Conservative leader David Cameron has today set out plans that could see green tech start-ups get a helping hand from any future Tory government.
In a speech today, Cameron revealed a series of measures designed to tackle the sluggish economy, including the creation of incubators for green technology companies.
The party has released a consultation on the green tech market, which aims to "unleash environmental entrepreneurship across Britain, by giving companies advice and services, including expert guidance on intellectual property protection, legal issues and drawing in venture capital with the aim of creating a new generation of world-beating start-ups to rival anything going on right now in Silicon Valley", Cameron said.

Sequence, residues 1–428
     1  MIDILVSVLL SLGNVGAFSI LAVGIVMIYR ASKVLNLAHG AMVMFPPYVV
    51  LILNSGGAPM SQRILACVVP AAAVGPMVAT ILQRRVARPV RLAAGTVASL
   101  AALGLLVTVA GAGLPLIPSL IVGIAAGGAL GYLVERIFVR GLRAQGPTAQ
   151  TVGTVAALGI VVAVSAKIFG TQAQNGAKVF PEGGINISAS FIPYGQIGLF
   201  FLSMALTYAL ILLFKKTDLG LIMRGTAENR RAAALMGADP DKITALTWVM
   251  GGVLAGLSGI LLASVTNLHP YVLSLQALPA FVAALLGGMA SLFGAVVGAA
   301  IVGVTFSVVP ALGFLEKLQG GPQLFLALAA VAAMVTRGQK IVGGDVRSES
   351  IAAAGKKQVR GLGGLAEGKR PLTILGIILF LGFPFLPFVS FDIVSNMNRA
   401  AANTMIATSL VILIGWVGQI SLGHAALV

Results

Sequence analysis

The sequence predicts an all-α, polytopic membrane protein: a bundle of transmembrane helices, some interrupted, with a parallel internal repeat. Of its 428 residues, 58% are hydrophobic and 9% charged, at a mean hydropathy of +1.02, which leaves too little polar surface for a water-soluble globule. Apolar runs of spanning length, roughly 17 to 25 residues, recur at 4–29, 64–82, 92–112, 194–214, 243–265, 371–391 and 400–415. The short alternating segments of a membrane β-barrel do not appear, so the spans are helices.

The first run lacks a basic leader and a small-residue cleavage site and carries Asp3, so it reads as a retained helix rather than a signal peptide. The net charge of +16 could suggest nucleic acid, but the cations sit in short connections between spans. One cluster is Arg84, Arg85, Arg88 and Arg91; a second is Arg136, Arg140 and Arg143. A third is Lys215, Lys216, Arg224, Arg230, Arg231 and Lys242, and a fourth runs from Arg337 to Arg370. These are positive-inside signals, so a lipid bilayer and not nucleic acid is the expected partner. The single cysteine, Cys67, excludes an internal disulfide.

According to the Tory leader, the UK has just five percent of the green goods and services market, trailing the likes of France, Germany, Japan and the US.
"We've got to do better — a lot better," Cameron said.
The Conservatives also detailed plans to introduce a green index to trade the shares of companies doing business in the environmental sector from the UK and around the world.
"Our green tech incubators will help new green start-ups get off the ground and then the world's first environmental stock market will give companies access to the investment they need to flourish and grow," Cameron said.
According to recent research by Ernst and Young, as of 30 June, 2008, there were 48 private venture-capital backed green tech companies in the UK with a total of $426m (£290m) in VC money behind them.
Last year, cleantech made up around 11 percent of all VC investment worldwide, up from 1.6 percent in 2003.